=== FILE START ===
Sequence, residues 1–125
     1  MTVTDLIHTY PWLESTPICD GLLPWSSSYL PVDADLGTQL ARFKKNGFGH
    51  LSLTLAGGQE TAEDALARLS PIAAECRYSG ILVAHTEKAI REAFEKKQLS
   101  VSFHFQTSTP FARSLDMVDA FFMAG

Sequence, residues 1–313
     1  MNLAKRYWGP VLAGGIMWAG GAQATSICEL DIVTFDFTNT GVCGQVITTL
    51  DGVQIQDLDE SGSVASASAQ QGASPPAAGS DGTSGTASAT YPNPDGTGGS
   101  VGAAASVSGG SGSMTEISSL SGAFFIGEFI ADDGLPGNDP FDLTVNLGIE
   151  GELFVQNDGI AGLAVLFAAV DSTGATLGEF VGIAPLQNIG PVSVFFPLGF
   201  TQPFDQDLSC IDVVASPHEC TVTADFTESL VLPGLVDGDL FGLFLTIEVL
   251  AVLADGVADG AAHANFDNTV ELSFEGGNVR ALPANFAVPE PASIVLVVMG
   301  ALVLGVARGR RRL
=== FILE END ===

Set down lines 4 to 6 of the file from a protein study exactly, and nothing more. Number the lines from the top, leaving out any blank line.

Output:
   101  VSFHFQTSTP FARSLDMVDA FFMAG

Sequence, residues 1–313
     1  MNLAKRYWGP VLAGGIMWAG GAQATSICEL DIVTFDFTNT GVCGQVITTL